Kim Lankford: That’s exactly right, and the Insurance Institute for Business & Home Safety, their website is disastersafety.org. Their CEO was just telling me that they’ve been doing a lot of studies about this recently and found out that it really does make a difference.
That’s one of the key pieces of advice they’re giving to people. Even if they have just a day or so or even a few hours before the hurricane hits.
Steve Pomeranz: Yeah, yeah.
Kim Lankford: That’s a simple, simple thing they can do. And another thing is disastersafety.org, their website, and also flash.org, which is the Federal Alliance For Safe Homes.
Both of those have a lot of really great step-by-step advice for protecting your home from hurricanes. And you also mention tornadoes, they also have a lot of advice for protecting against tornadoes and other types of disasters because some of the stuff can be different.
Steve Pomeranz: We’ll, list those websites on our website which is stevepomeranz.com. And so if Kim spoke too quickly—and I could not write that fast either—we’ll get together with Kim after the segment and make sure to put those up. Now the State of Florida would have a website; FEMA would probably have a website as well, right?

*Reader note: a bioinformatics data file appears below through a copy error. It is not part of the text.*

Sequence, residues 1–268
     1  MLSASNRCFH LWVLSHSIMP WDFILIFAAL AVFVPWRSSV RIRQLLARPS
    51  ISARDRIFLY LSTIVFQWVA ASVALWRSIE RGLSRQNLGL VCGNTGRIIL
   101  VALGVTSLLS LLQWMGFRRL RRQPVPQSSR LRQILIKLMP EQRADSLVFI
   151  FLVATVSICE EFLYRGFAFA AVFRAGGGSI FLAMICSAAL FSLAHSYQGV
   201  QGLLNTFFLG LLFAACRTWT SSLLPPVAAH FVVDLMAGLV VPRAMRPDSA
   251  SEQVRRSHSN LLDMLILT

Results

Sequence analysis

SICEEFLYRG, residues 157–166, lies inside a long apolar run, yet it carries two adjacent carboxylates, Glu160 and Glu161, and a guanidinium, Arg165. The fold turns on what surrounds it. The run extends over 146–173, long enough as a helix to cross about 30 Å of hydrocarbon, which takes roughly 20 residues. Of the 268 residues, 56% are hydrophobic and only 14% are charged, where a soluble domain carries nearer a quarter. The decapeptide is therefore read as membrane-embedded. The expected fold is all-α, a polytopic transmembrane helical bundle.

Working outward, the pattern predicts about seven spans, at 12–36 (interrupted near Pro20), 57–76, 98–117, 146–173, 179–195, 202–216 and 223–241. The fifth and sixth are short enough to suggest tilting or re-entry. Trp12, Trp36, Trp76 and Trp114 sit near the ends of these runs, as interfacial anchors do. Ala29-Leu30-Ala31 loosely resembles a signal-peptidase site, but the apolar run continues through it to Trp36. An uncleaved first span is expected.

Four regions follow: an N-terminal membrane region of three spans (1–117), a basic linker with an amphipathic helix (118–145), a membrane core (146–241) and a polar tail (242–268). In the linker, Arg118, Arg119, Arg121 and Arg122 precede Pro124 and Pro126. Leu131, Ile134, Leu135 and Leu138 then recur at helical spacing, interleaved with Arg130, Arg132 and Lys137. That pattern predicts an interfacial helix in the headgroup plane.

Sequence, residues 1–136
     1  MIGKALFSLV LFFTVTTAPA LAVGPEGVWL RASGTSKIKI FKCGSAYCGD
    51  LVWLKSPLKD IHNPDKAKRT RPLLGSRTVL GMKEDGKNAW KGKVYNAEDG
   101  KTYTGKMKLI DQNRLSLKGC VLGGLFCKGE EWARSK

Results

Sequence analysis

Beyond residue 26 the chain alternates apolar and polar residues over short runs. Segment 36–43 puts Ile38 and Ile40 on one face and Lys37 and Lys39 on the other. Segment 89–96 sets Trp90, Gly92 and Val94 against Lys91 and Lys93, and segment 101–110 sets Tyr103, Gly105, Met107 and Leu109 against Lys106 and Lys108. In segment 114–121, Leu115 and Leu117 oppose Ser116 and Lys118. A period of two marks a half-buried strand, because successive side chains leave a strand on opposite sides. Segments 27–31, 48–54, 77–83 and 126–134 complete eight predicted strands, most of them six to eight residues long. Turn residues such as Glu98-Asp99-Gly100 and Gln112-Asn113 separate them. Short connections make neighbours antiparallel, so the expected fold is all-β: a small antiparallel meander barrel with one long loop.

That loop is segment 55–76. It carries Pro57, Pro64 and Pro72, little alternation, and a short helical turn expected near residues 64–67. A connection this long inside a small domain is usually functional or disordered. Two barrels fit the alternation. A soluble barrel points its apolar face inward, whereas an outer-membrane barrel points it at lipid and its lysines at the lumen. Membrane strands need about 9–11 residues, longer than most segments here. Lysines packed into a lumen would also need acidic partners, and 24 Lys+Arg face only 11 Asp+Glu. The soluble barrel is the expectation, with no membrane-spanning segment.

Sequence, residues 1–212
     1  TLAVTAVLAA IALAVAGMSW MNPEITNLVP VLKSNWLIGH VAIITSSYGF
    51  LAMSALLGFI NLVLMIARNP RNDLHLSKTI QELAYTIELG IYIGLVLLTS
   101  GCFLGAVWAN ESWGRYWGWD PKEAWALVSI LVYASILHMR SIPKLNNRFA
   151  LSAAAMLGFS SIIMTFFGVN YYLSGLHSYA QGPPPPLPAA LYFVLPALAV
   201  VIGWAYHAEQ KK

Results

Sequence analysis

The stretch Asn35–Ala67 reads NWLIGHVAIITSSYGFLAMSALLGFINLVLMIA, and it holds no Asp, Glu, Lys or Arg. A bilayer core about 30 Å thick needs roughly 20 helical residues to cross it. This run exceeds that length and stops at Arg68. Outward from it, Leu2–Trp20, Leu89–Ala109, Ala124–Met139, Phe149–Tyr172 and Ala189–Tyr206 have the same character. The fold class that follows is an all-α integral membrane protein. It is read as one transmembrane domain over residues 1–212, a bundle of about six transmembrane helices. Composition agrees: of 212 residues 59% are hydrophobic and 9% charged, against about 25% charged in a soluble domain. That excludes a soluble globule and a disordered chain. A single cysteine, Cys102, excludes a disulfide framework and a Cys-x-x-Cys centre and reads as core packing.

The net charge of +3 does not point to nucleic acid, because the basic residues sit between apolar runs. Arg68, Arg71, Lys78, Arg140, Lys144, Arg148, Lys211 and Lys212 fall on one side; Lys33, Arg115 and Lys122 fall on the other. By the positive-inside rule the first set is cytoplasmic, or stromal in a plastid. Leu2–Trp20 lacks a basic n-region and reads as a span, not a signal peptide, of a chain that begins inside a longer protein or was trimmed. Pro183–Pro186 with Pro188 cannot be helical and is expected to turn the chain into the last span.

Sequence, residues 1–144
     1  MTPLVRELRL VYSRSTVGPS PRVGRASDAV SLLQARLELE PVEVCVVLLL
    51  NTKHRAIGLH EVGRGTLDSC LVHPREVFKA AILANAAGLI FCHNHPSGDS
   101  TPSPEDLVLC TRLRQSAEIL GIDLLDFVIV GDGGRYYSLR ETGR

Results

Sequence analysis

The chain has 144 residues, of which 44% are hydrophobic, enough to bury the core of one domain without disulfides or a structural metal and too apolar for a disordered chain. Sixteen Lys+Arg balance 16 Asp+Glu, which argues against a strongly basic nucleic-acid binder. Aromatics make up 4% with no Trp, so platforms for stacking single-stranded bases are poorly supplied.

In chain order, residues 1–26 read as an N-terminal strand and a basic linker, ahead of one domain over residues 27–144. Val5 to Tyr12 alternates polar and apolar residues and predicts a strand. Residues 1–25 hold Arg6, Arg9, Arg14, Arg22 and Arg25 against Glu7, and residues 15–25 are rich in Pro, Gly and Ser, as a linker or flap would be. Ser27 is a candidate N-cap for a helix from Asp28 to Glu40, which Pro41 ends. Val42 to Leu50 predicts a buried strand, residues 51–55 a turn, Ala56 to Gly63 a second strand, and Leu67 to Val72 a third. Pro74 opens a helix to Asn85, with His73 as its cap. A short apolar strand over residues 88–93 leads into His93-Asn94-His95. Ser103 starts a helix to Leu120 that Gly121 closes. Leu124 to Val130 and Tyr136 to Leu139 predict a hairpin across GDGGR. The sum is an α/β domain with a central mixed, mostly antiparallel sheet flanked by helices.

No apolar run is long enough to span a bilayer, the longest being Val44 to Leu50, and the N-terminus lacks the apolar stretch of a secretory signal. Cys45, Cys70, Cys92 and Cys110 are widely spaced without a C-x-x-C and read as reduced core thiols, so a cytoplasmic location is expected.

Kim Lankford: That is correct, and these government resources really have a lot of information. In North Carolina, for example, right before Hurricane Florence, the North Carolina Department of Public Safety put up a page devoted to preparing for Hurricane Florence.
And they have the ready NC app, which a lot of the states have an app like that that can provide all kinds of really localized information about disasters. You can sign up for disaster alerts; it can also help you find out where there are some mobile claims units.
For example, FEMA and the state disaster agencies usually after a hurricane set up places where you can go in person and meet with them about some of your issues because, in many cases, cell systems may be down. You may not be able to access your phone. And you can go in person and find out from them about things you can do to apply for aid, things you can do to protect your home.